In celebration of Cyber Security Awareness Month, we’ve rounded up 7 surprising statistics about cyber security you need to know in order to protect your business.
#1: The Business You Lose From Data Breaches Costs More Than You Think
Data breaches rack up costs quickly, including in some surprising areas. The top three are below:
- Increased customer turnover — even the most loyal of customers can lose trust and faith in your business when their data is compromised.
- Lost revenue due to system downtime — Downtime compromises payments, new customer signup, and prospect discovery.
- Increasing cost of acquiring new business due to diminished reputation — new customers will be wary of giving business to companies who can’t protect their data.
As you can see, the costs associated with cyber security pale in comparison to the costs to your business when your customers’ data is compromised. Implementing and utilizing technology with the highest security standards is crucial to the integrity of your data and trust of your customers.
#2: Most Data Breaches Are Financially Motivated
We are all well aware at this point of financially motivated attacks, like ransomware. When ransomware infects your network, your data is held hostage and released for a fee. If you do not comply by a certain date, the cost doubles or your data is permanently deleted or locked. According to McAfee, ransomware attacks grew 118% in 2019.
Espionage, however, might seem like a job for James Bond. Unfortunately, given the highly competitive and often political climate we are in, cyber espionage doesn’t involve a bullet-dodging adventure in the movies, but instead features hackers getting into your network to obtain economic, political, or military gain by stealing your intellectual property.
#3: Small Businesses Are Not Exempt
If you think you’re safe from a data breach because you’re not a fortune-500 company, you’re wrong. Small businesses are often the perfect target for a data breach, because cyber security may not be a priority on an already strict budget. However, according to Verizon’s report, cloud services that offer a myriad of web-based tools, along with the rise of social phishing attacks, are leveling the playing field between large enterprises and small businesses. If you’re not adopting secure cloud technologies and educating your staff on potential threats, you put your business data at risk of a breach.
#4: Your Employees May Be At Fault, Ooops
Not all data breaches are caused by external hackers. Sometimes the bad actors are in your own organization. Take, for example, the recent news where a Tesla employee was offered $1 million to facilitate a cyber-attack. Luckily, this employee instead worked with the FBI to catch and prosecute the criminal before any harm was done. Unfortunately, this isn’t always the case.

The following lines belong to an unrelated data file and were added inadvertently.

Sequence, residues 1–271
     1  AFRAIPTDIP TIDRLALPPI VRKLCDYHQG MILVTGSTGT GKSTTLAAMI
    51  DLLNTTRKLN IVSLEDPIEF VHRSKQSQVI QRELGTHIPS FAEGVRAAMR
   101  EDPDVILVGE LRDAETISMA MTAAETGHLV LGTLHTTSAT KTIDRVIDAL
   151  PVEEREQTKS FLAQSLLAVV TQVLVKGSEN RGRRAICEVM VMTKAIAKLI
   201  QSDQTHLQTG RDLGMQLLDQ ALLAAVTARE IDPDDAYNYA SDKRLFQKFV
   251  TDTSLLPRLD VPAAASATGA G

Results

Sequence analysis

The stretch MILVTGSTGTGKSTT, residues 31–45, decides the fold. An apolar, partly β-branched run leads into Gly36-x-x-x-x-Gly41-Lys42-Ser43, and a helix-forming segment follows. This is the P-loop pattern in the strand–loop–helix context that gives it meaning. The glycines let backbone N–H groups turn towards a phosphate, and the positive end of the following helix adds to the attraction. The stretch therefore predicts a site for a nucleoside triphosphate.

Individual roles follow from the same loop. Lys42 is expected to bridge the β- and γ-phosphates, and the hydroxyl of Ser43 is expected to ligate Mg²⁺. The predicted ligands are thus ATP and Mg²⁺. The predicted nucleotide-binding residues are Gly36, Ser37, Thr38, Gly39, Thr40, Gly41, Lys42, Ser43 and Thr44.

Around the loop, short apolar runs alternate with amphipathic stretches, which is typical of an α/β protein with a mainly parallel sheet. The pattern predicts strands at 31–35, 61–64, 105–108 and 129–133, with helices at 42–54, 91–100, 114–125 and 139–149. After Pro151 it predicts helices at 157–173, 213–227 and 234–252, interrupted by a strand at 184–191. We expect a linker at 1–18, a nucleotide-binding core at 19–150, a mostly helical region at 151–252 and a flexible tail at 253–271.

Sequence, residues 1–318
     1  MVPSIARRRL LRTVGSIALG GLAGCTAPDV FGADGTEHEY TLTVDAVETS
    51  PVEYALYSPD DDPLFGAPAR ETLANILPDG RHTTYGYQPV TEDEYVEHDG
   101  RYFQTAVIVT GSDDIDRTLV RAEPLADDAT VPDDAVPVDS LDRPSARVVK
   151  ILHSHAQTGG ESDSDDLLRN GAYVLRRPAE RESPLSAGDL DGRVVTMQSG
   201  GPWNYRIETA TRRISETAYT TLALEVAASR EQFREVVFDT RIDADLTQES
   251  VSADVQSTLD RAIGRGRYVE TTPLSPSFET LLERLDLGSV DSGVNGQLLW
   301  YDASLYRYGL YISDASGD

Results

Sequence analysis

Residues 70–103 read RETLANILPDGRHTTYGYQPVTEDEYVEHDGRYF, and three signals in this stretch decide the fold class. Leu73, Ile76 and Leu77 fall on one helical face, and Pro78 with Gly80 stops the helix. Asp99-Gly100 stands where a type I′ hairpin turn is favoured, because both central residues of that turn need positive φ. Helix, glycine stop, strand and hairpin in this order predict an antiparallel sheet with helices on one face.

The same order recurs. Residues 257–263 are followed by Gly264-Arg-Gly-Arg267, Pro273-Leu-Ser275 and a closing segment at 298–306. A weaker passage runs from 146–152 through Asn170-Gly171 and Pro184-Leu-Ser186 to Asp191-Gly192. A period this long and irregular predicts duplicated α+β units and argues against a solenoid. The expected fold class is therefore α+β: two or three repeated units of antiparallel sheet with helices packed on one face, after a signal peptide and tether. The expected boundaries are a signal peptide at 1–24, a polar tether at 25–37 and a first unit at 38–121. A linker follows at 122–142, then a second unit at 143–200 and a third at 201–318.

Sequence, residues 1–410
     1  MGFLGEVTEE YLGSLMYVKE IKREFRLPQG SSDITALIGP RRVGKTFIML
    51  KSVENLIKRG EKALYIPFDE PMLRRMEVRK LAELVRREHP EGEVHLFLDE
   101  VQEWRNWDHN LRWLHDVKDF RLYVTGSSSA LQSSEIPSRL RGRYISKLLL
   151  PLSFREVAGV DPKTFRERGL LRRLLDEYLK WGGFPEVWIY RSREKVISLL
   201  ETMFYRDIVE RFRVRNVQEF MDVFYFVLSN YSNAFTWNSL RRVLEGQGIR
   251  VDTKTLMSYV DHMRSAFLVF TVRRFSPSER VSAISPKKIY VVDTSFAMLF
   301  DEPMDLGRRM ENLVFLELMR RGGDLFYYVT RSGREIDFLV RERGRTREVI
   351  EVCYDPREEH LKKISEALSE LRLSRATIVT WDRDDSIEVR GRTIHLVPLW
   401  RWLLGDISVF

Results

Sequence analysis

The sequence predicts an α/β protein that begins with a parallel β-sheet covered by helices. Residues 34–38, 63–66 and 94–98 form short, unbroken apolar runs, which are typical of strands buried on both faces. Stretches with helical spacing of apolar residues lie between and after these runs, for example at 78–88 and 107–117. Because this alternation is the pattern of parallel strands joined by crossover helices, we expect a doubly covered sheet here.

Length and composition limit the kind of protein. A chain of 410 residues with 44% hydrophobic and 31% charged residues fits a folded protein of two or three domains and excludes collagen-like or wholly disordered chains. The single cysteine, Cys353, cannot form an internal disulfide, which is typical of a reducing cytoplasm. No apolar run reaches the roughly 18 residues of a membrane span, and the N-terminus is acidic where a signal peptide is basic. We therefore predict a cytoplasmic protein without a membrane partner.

It’s important to note that not all data breaches are caused with the intent of harm. Human error is inevitable, and it sometimes takes simply copying sensitive information to your home computer to become vulnerable. With remote work becoming the norm, this is especially dangerous as we juggle our personal and business devices in addition to integrating with the Internet of Things (IoT).
#5: Think Your Network Is Safe? Think Again.
The amount of data is increasing, and it’s easy for documents to get copied, deleted, and shared beyond control. When you do not have an efficient and secure information management system in place that restricts and audits users’ access to documents, you become vulnerable to loss, theft, and overwritten files. Plus, with the cost of replacing a lost or stolen record at $150 per record, it’s worth it to take a deep look at your file permissions structure.1
#6: Data Breach Tactics Are Changing
Email and social phishing attacks are the most common types of data breach for large and small businesses, according to Verizon. They often trick users into thinking they’re clicking a link or document they recognize from a reputable company, but instead that click opens the doors for malware designed to infect your system and infiltrate your network. Educating your employees on common phishing tactics and infected document types is a good first step.
#7: Early Detection Makes A Difference
The faster you can contain a data breach, the better for your business. Can you imagine the difference 160 days may mean for you and your customers? If you haven’t already deployed security automation within your business, now is the time. No one is 100% safe from a potential data emergency but having a plan in place while relying on secure cloud technologies could potentially save you millions in the long run.
In 2020, data is still very much at risk. However, your best line of defense is educating employees, using trustworthy technology for security automation (especially in the cloud), and having an aggressive strategy for minimizing the damage done when a breach occurs.
1: IBM, Ponemon (2020). “The 2020 Cost of a Data breach cost.” (https://www.ibm.com/security/data-breach)
Stats1, 7: IBM, Ponemon (2020). “The 2020 Cost of a Data breach cost.” (https://www.ibm.com/security/data-breach)
Stats 2, 3, 4: Verizon (2020). “2020 Data Breach Investigations Report.” (https://enterprise.verizon.com/resources/reports/2020-data-breach-investigations-report.pdf)
Stat 5: Varonis (2019). “2019 Varonis Global Data Risk Report.” (https://www.varonis.com/2019-data-risk-report/)
Stat 6: Symantec (2018). “Internet Security Threat Report.” (http://images.mktgassets.symantec.com/Web/Symantec/%7B3a70beb8-c55d-4516-98ed-1d0818a42661%7D_ISTR23_Main-FINAL-APR10.pdf?aid=elq)